Why do animated films not get nominated for screenplays? I think Encanto would be an interesting and worthy nominee here, there was a LOT going on and it was juggled and structured well by the writers. It seems weird that an Aaron Sorkin script doesn’t get nominated, I liked the construction of the constrained time line of Being the Ricardos a lot although maybe some of it was a bit clunky. I also think Spider Man No Way Home did a lot of clever plotting and dialogue.
Of the five, I’ve not seen 2 of them, and 2 of them I thought were actively poor so I guess that means I’d vote for Belfast and I think the Academy will lean that way too.
Best Adapted Screenplay
- CODA – Sian Heder – well structured, completely believable, and entertaining as well. But it’s based on a French film so I’m not sure how much work there was to do.
- Drive My Car – Ryusuke Hamaguchi and Takamasa Oe – not seen
- Dune – Jon Spaihts, Denis Villeneuve and Eric Roth – The previous film shows just how you can make a mess of adapting this and there’s a LOT in the book to play with. Plus splitting one book into two films and still making the first film a contained entity is worthy of note.
- The Lost Daughter – Maggie Gyllenhaal – the main character didn’t make much sense to me, I was bored by the pacing and didn’t like the way the timelines were blocked out.
- The Power of the Dog – Jane Campion – fine? I mean, I didn’t like it, but that doesn’t mean it was bad.
Adapted screenplay is tough, are you just awarding the quality of the resulting screenplay in which case I’d vote for CODA; or is it the difficulty of the adaptation which I think would go to Dune because adapting from a novel to a film must be harder than going from one film to another. I think the academy will go for The Power of the Dog.
Best Animated Feature
- Encanto – I enjoyed this, more on the second viewing, and actually some of the ideas and characters have really stuck with me.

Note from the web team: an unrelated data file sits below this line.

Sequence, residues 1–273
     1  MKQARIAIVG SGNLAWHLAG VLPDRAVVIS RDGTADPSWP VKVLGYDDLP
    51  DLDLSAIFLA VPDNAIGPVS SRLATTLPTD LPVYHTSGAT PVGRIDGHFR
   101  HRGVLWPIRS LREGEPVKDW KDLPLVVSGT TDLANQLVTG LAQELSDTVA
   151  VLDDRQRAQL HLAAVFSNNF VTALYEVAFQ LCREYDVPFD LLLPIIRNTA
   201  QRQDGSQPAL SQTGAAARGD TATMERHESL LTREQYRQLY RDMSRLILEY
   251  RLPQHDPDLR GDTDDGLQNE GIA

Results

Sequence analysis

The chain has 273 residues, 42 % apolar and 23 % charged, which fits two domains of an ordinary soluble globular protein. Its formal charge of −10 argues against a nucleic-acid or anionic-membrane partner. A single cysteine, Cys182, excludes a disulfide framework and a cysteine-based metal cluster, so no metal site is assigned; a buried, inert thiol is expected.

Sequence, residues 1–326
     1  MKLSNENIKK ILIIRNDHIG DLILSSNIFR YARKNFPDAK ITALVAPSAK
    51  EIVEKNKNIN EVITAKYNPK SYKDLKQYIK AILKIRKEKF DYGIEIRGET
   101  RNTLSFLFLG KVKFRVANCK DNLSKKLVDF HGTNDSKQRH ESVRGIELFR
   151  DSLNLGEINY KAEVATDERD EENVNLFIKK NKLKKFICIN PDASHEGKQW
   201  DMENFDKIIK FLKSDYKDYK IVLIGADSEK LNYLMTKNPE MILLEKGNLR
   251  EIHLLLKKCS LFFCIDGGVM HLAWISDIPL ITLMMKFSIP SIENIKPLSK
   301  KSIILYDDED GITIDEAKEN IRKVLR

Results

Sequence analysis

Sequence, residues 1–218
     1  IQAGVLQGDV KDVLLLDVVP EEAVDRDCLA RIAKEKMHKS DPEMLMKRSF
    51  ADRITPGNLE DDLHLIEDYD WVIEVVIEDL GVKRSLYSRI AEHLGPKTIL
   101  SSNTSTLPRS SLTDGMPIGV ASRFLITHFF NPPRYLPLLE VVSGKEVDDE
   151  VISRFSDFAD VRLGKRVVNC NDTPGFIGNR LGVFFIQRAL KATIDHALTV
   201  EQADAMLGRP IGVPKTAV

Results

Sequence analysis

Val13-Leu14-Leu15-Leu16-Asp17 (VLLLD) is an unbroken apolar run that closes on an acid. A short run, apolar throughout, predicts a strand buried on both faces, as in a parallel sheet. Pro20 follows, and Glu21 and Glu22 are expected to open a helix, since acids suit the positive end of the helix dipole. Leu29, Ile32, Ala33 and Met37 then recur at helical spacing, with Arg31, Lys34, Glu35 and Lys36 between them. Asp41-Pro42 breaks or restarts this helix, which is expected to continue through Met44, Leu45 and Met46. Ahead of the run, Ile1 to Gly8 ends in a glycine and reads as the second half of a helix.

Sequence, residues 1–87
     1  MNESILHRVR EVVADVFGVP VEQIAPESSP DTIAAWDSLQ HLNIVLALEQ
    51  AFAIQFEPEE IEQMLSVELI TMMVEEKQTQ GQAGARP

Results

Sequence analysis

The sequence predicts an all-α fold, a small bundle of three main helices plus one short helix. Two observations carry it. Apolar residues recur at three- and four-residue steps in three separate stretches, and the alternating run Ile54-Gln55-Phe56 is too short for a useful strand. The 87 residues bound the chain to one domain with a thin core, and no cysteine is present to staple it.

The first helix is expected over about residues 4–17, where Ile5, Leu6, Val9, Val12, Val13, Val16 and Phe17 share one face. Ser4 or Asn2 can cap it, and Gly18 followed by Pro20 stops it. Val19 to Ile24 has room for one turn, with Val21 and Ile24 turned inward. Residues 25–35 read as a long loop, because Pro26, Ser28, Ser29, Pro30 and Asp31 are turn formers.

- Flee – I wish I’d seen this, but I haven’t managed it
- Luca –I found this quite unremarkable
- The Mitchells vs. the Machines – I actually thought Ron’s Gone Wrong the superior animation on this theme, although MvsM did have more creative animation I suppose, even if personally I didn’t like it.
- Raya and the Last Dragon – I liked the end… but found the rest a bit clunky,
Of those I’ve seen Encanto is the best. Having a documentary in the category shakes things up, demonstrating the format is more than just kids films but I think people will probably vote for it in the documentary category instead.
Best International Feature Film
- Drive My Car, Flee, The Hand of God, Lunana: A Yak in the Classroom, The Worst Person in the World
The only one I’ve seen is The Hand of God and I found it a bit of a muddle, too long and the final section left me irritated. So I’m gonna abstain from my own choice, but surely Drive My Car will win something?
- Ascension, Attica, Flee, Summer of Soul (…Or, When the Revolution Could Not Be Televised), Writing with Fire
Summer of Soul is the only one I’ve seen and while I thought the archive footage was an amazing find and the participants and attendees looking back at it make a powerful story, it didn’t quite sing for me. From what I’ve heard, Flee is the most original and interesting and will likely win, if the votes don’t get split too much between the three categories its nominated in.
- Don’t Look Up – Nicholas Britell – no memory of the music at all.
- Dune – Hans Zimmer – the music wasn’t exactly full of catchy tunes, but it was very important to the scale, impact and what there were of emotional impacts.
- Encanto – Germaine Franco – I *think* the score doesn’t really include the songs so this feels a bit of a long shot
- Parallel Mothers – Alberto Iglesias – not seen
- The Power of the Dog – Jonny Greenwood – no memory of the music at all
Dune is the only one of these I’ve seen where I really remember the existance of the music (as opposed to the Encanto songs) so I’d vote for Hans Zimmer (usually a safe bet). However it might go to Jonny Greenwood because he was snubbed for a nomination a few years ago on a technicality and people were cross.
- “Be Alive” from King Richard – Music and lyrics by DIXSON and Beyoncé Knowles-Carter – OK song, some nice (and relevant) lyrics.
- “Dos Oruguitas” from Encanto – Music and lyrics by Lin-Manuel Miranda – this is a bit unfortunate. The nominations had to be submitted before the film was even released and no one guessed “We Don’t Talk about Bruno” was going to be such a hit. This song however I’ve got no memory of and when I went to listen to it again I decided it was too boring after just 15 seconds.
- “Down to Joy” from Belfast – Music and lyrics by Van Morrison – catchy song and goes well with the film, but Van Morrison is rather problematic, so no chance.
- “No Time to Die” from No Time to Die – Music and lyrics by Billie Eilish and Finneas O’Connell – Perfectly ok Bond theme, but I had no memory of it.
- “Somehow You Do” from Four Good Days – Music and lyrics by Diane Warren – weird nomination, never heard of the film and it just seems to me a generic country song.